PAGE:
221 F2d 223 Meurer v. Commissioner of Internal Revenue
221 F.2d 223
55-1 USTC P 9343
Mae F. MEURER, Petitioner,
COMMISSIONER OF INTERNAL REVENUE, Respondent.
No. 135, Docket 23163.
United States Court of Appeals, Second Circuit.
Argued March 15, 1955.
Decided April 6, 1955.
Emanuel A. Stern, New York City, for petitioner.
Carolyn R. Just, Sp. Astt. to Atty. Gen. (H. Brian Holland, Asst. Atty. Gen., and Ellis N. Slack and Lee A. Jackson, Sp. Assts. to Atty. Gen., on the brief), for respondent.
Before CLARK, Chief Judge, FRANK, Circuit Judge, and GALSTON, District judge.
CLARK, Chief Judge.
This is a taxpayer's appeal from disallowance of a claimed deduction for $5,923.67 for property maintenance expenses under either I.R.C. §§ 23(e)(2) or 23(c)(1), 26 U.S.C. § 23(c)(1), (e)(2). Petitioner is executrix under the will of her mother, who died in 1937. The will left to the taxpayer and her two sisters all of the residual estate in trust, as well as a specific legacy of the proceeds of Belle Terre, the family summer residence on Long Island. The taxpayer as executrix was instructed to sell Belle Terre as soon as practicable, but without the loss incident to a forced sale. Pending sale the estate was made responsible for costs of maintenance, and the taxpayer was entitled to use the property rent free. In November, 1938, the sisters renounced their legacy shares in Belle Terre; several months later in 1939 they entered into the option agreement for the purchase of Belle Terre which is the basis of taxpayer's claim here. In this agreement the sisters, including the taxpayer, offered to buy Belle Terre or the proceeds of its sale from her as executrix for $48,000, obligating themselves to pay the cost of its upkeep so long as the option should remain open. The option remained open until 1944 when it was terminated by one of the sisters, after due notice according to its terms.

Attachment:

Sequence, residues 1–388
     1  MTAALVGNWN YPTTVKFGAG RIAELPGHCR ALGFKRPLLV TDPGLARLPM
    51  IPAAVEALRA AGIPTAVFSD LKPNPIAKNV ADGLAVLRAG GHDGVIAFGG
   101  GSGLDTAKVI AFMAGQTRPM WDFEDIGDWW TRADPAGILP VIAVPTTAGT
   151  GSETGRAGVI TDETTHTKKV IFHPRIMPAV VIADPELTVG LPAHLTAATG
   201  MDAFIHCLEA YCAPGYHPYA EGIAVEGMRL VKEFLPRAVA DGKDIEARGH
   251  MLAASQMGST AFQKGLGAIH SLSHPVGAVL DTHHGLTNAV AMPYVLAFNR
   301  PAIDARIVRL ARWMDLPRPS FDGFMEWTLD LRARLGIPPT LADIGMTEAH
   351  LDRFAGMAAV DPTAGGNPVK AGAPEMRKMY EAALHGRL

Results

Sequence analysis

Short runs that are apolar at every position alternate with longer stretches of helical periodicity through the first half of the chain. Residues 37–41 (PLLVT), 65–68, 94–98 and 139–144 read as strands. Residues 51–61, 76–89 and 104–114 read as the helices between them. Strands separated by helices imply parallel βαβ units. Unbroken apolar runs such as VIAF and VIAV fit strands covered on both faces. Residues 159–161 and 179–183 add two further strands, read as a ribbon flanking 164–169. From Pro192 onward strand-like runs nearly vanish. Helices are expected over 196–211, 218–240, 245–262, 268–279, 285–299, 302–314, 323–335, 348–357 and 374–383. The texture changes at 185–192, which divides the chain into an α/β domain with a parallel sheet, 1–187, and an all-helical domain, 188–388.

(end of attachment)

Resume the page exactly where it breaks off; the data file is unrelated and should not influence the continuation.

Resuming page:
Petitioner now claims that her share of the upkeep expenditures from 1939 to the termination of the option in 1944 is deductible on her personal income tax return for 1944 either in toto as a loss incident to a transaction entered into for profit, under I.R.C. § 23(e)(2), or in part as payment of taxes, under I.R.C. § 23(c)(1). The Tax Court held that these were merely personal expenses for which no deduction is authorized by the Internal Revenue Code. 18 T.C. 530, modified in other respects, 20 T.C. 614.
We have recently reiterated the standard for loss deduction under I.R.C. § 23(e) (2). Ewing v. C.I.R., 2 Cir., 213 F.2d 438. We there said that the taxpayer must demonstrate that her motive for entering into the transaction was primarily profit. The Tax Court found that this was not the case here, and we are inclined to agree, if only on the ground of failure of proof. For it is hard to understand any motive whatsoever for the peculiar intrafamilial arrangement before us. The proffered explanation of protecting taxpayer as executrix from having to make an unfavorable sale seems inadequate in light of the great latitude over sale left her by the will itself. Moreover, when taxpayer had available this apparently good bargain on behalf of the estate, she did not avail herself of it and allowed it to lapse. Here again the reason given, namely rising real estate prices, seems unconvincing when in fact the property had not been sold up to the time of the Tax Court hearing in 1950, and the taxpayer was continuing to use it as a summer residence. To conclude in the light of these circumstances that in some way she suffered a loss in 1944 of her contractual right to recover the upkeep cost borders somewhat on the fantastic. At least all this is far from sufficient to make out a case for the applicability of I.R.C. § 23(e)(2).
We are also in accord with the government's position that the taxpayer cannot deduct that amount of the maintenance expenses attributable to state and local taxes under I.R.C. § 23(c)(1). Whatever the import of the intrafamilial contract described above might be, it did not serve to divest the estate of complete ownership and title to Belle Terre. Hence the estate remained exclusively and solely entitled to the deduction provided in that section. Magruder v. Supplee, 316 U.S. 394, 62 S.Ct. 1162, 86 L.Ed. 1555; Gilken Corp. v. C.I.R., 6 Cir., 176 F.2d 141.
The decision of the Tax Court is affirmed.